President Donald Trump and Senate Majority Leader Mitch McConnell talk to reporters in the Rose Garden following a lunch meeting at the White House in Washington, DC, on October 16, 2017. Chip Somodevilla/Getty Images
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How long will it take? How does it work? What will Chief Justice John Roberts do?
At least, that’s the theory.
But here in reality, the big question about Trump’s Senate trial is whether the House’s allegations will get any serious consideration from the chamber’s Republican majority — a majority that, at the trial’s conclusion, is all but certain to acquit the president and keep him in office.
With a prosecution and defense team, opening and closing arguments, the possibility of witness testimony, Chief Justice John Roberts presiding, and a mostly silent “jury” of 100 senators, the event — which will begin with ceremonial proceedings this week but substantively kick off on Tuesday, January 21 — will have many of the trappings of a criminal proceeding.
But this is no ordinary trial. Senators are tasked with deciding whether to remove the US president from office — something that has never been done before.
And the Senate is no ordinary jury. They get to make important decisions about how the trial should be organized and unfold. Rather than being selected for their lack of previous knowledge of the case, they are 100 political animals with preexisting political beliefs, ambitions, and loyalties.
Some key Senate Republicans haven’t even tried to pretend the outcome is in question. “There is only one outcome that is suited to the paucity of evidence, the failed inquiry, the slapdash case,” Senate Majority Leader Mitch McConnell said last month. “I have clearly made up my mind,” said Sen. Lindsey Graham (R-SC) just days before.
On one level, then, the trial is about whether Trump is guilty of the offenses the House has charged him with — abuse of power and obstruction of Congress. Yet what’s really being determined is whether Donald Trump should continue to serve as president. So far, more than enough Senate Republicans clearly think the answer is yes.
1) What is a Senate impeachment trial?
The US Constitution gives Congress the power to hold federal officers accountable for high crimes and misdemeanors through the impeachment process. But that process unfolds in two steps. First, the House of Representatives decides whether to impeach — essentially, whether to charge with wrongdoing. (The House did that for Trump last month.) Second, it’s up to the Senate to decide whether the official is guilty of that wrongdoing, for which the punishment entails removal from office.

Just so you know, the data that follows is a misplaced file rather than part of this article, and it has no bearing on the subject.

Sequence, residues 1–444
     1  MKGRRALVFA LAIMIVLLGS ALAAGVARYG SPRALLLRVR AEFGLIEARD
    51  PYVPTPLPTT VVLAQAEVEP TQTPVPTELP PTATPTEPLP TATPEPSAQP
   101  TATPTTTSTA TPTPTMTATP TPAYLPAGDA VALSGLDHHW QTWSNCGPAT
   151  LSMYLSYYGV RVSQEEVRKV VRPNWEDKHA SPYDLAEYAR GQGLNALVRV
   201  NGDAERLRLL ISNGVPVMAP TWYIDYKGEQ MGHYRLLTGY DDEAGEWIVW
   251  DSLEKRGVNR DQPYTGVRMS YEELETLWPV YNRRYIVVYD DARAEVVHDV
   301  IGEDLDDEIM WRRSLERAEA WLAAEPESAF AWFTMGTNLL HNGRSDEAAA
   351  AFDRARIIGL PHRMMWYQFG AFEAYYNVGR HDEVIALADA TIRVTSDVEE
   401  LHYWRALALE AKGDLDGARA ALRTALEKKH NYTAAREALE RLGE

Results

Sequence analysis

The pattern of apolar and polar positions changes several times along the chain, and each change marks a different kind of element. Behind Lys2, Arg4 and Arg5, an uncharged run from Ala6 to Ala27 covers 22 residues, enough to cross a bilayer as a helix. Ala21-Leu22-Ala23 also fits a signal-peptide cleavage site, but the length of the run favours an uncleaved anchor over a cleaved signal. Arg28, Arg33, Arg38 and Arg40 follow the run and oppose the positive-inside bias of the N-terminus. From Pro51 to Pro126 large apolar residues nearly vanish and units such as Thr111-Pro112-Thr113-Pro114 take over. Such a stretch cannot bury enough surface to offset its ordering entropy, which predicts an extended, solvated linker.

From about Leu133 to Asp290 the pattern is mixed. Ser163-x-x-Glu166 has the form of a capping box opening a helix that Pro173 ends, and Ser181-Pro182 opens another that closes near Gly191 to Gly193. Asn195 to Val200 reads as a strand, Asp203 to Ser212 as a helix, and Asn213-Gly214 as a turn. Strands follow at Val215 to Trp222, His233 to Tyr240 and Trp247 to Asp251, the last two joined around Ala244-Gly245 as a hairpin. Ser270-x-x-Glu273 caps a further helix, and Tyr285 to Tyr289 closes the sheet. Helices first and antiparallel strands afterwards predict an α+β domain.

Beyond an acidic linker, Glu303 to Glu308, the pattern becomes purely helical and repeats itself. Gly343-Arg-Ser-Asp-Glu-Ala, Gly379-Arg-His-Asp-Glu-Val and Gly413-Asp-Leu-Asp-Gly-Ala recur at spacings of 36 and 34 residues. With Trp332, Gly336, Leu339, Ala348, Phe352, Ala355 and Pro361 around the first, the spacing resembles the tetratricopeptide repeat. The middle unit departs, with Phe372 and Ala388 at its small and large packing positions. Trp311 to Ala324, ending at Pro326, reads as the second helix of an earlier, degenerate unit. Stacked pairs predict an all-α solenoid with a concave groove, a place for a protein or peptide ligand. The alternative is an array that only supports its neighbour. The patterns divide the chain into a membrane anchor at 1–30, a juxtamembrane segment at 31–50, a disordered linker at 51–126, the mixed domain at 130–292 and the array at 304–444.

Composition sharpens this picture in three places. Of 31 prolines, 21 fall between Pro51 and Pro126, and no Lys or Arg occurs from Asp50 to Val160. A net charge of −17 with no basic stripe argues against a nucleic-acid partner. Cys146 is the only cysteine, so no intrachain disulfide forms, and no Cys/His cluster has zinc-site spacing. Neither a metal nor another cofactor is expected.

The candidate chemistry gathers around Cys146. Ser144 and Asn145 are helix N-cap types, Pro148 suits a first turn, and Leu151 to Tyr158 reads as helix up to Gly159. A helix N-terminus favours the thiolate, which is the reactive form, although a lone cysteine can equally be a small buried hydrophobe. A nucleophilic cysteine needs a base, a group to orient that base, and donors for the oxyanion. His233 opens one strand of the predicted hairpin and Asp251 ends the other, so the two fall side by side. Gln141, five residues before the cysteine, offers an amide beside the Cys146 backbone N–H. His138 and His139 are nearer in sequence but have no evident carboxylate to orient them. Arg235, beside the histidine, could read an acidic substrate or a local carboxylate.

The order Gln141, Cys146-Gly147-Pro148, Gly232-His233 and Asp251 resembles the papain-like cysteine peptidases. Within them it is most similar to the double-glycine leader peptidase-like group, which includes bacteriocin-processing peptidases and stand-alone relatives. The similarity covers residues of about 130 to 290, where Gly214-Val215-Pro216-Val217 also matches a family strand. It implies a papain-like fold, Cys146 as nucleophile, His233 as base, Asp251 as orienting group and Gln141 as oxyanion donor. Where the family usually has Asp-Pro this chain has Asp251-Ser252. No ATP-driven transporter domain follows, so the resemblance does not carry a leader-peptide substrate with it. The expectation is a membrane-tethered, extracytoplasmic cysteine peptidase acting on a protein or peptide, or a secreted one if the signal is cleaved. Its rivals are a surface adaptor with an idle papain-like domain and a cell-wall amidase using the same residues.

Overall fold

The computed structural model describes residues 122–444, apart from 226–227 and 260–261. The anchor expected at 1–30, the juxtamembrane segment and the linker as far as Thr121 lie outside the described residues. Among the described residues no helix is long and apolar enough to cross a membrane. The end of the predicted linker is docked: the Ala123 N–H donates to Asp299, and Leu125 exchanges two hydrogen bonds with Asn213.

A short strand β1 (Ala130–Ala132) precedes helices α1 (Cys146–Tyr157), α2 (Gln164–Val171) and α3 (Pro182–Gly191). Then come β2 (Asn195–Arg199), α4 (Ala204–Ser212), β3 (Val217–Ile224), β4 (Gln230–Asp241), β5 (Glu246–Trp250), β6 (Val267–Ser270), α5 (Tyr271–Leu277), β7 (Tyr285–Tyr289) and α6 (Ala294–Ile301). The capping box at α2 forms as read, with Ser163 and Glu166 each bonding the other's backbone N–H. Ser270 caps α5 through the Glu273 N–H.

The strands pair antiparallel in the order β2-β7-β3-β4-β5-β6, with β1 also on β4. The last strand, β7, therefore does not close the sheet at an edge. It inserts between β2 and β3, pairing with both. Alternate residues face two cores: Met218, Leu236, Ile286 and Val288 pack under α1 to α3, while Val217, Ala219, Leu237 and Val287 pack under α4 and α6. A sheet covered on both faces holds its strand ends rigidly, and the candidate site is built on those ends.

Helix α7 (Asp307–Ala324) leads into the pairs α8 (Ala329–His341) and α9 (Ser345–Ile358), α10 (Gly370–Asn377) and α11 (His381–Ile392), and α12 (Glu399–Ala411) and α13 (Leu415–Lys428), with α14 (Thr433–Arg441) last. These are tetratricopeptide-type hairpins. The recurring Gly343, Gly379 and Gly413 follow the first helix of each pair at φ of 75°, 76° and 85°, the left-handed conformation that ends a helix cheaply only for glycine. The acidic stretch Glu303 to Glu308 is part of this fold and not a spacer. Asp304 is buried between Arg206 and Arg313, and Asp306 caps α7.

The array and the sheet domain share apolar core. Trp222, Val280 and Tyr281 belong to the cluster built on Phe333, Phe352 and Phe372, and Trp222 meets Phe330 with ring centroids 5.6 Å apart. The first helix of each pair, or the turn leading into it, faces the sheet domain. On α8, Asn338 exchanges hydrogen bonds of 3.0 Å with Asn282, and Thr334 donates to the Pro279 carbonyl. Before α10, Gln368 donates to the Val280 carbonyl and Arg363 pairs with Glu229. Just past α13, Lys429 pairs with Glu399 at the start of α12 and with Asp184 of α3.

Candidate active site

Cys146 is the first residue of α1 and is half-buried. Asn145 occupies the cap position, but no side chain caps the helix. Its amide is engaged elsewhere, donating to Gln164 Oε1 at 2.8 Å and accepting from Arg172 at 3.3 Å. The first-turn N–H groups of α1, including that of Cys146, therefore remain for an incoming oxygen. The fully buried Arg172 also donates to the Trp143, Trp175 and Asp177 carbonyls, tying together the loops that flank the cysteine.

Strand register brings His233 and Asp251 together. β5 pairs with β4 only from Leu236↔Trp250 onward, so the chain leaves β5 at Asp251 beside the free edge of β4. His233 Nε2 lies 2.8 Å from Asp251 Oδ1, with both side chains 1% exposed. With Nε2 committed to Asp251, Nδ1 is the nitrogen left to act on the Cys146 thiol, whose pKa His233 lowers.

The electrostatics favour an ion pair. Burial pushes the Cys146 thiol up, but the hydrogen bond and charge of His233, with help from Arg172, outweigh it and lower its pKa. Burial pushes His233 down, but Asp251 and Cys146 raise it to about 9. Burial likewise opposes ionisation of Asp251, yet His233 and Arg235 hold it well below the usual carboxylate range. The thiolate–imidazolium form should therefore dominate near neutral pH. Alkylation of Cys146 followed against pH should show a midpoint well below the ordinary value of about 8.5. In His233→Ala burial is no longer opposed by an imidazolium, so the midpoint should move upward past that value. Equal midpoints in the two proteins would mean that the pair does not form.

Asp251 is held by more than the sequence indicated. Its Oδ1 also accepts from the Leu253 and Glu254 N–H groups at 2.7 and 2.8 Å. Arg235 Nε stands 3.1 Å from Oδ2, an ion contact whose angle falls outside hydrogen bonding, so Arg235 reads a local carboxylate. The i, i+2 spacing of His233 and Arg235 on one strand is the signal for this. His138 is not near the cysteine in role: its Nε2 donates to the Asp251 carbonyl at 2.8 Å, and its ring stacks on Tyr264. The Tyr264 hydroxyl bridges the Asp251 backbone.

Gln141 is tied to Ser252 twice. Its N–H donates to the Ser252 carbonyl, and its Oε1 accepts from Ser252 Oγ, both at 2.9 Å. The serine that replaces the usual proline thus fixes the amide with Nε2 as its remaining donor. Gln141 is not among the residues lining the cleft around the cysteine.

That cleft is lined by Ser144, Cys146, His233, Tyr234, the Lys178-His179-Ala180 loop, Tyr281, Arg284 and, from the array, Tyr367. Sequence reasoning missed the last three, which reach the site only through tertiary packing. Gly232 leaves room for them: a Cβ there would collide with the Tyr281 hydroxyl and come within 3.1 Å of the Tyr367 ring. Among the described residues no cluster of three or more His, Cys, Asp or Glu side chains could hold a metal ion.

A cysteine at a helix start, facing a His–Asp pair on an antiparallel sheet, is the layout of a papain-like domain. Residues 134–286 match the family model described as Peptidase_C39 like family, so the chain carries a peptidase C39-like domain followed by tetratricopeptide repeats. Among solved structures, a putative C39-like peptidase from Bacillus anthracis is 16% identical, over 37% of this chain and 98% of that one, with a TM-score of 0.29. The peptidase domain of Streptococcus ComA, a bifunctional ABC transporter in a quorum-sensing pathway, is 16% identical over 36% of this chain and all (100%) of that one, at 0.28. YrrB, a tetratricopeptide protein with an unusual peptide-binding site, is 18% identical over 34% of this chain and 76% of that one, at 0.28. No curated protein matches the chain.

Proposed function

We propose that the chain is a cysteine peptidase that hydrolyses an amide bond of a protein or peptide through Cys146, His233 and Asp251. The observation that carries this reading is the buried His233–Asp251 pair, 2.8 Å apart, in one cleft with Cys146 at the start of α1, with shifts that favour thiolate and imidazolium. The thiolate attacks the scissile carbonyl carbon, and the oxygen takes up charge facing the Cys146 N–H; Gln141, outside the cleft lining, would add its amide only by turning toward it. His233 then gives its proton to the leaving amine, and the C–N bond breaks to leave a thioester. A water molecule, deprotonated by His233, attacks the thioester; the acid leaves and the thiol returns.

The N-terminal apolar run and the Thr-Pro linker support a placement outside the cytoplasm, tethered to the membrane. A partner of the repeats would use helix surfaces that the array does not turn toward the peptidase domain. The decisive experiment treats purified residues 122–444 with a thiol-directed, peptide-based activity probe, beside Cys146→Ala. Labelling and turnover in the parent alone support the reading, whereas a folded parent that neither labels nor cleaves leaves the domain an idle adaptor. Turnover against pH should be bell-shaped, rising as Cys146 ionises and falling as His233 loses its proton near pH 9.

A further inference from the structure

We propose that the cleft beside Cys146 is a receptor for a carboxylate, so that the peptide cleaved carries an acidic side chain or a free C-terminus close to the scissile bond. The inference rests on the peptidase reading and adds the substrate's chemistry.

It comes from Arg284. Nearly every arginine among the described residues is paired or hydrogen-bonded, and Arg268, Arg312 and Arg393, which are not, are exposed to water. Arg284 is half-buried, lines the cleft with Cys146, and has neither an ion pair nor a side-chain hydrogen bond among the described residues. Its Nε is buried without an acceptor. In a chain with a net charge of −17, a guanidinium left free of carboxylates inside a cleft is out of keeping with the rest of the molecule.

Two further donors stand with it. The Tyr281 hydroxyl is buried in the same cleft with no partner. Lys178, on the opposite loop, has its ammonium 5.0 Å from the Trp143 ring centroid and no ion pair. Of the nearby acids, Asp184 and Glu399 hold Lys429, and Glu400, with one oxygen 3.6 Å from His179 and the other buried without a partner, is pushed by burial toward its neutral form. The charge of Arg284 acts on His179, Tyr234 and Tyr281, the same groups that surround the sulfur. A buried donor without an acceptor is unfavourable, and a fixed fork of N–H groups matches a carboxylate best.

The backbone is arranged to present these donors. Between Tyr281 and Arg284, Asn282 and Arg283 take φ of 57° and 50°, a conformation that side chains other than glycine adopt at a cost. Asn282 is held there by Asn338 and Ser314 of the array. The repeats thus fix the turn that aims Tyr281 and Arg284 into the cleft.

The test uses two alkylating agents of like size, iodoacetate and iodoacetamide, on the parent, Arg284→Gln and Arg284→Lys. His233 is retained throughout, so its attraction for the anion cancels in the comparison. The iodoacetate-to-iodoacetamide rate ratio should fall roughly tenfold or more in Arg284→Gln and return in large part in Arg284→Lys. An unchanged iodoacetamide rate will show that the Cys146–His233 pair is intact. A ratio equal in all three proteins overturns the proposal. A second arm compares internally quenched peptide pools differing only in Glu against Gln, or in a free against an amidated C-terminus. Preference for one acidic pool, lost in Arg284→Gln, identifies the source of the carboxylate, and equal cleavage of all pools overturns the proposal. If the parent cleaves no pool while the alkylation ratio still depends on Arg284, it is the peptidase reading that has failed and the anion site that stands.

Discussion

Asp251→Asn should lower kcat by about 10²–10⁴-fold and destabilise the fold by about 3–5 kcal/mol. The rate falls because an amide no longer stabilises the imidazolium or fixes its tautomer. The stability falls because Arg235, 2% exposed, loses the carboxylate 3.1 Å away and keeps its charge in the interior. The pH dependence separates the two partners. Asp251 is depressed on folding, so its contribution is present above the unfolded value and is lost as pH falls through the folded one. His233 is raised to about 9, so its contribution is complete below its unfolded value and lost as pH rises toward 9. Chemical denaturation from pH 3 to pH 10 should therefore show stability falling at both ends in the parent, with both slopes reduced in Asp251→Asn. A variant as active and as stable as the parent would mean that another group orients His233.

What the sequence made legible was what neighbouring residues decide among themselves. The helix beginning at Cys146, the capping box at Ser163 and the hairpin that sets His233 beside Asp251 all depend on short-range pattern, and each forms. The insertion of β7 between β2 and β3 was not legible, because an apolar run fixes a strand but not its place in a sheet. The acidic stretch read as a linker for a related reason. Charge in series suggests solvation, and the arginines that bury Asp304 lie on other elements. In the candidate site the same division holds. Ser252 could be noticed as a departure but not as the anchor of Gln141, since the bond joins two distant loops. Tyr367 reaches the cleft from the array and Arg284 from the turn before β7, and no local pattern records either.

The Senate does this by holding a trial. There have been 19 such trials in US history — 15 for federal judges, one for a senator (after which the Senate concluded that senators can’t be impeached), one for a Cabinet officer, and, most momentously, two for presidents (Andrew Johnson in 1868 and Bill Clinton in 1999).
Trump’s Senate trial will focus on the two articles of impeachment approved by the House. Article I, “Abuse of Power,” accuses Trump of pressuring the Ukrainian government into announcing an investigation into the Bidens by withholding both a White House meeting and military aid. Article II, “Obstruction of Congress,” accuses Trump of trying to impede the impeachment inquiry by urging government agencies not to comply with subpoenas and witnesses not to cooperate.
These trials typically end in a final vote on each article of impeachment. A vote to convict on even one article means the official is ousted. But, crucially, conviction requires a two-thirds supermajority in the Senate to actually convict; a simple majority won’t do the trick. That means it would take 67 senators to remove Trump, and that’s a very high bar to clear. But if it is somehow cleared, Trump would be ousted, and Vice President Mike Pence would become president of the United States.
2) Are there prosecutors, defense, and a judge, like an ordinary trial?
A presidential impeachment trial is a rare proceeding involving all three branches of the federal government (and both houses of Congress), with a structure broadly resembling a criminal trial. The players are:
The House impeachment managers (the prosecutors): This week, Speaker Nancy Pelosi named seven members of the House to make the case that Trump should be removed from office in the Senate. They are Reps. Adam Schiff (D-CA), Jerry Nadler (D-NY), Hakeem Jeffries (D-NY), Val Demings (D-FL), Jason Crow (D-CO), Sylvia Garcia (D-TX), and Zoe Lofgren (D-CA).
Trump’s team (the defense): The president has to designate representatives to defend him, as well. So far, we know White House counsel Pat Cipollone will lead the team, and it will also include Trump’s personal lawyer Jay Sekulow, as well as Michael Purpura and Patrick Philibin from the White House Counsel’s Office. It’s not yet clear if that’s Trump’s full team.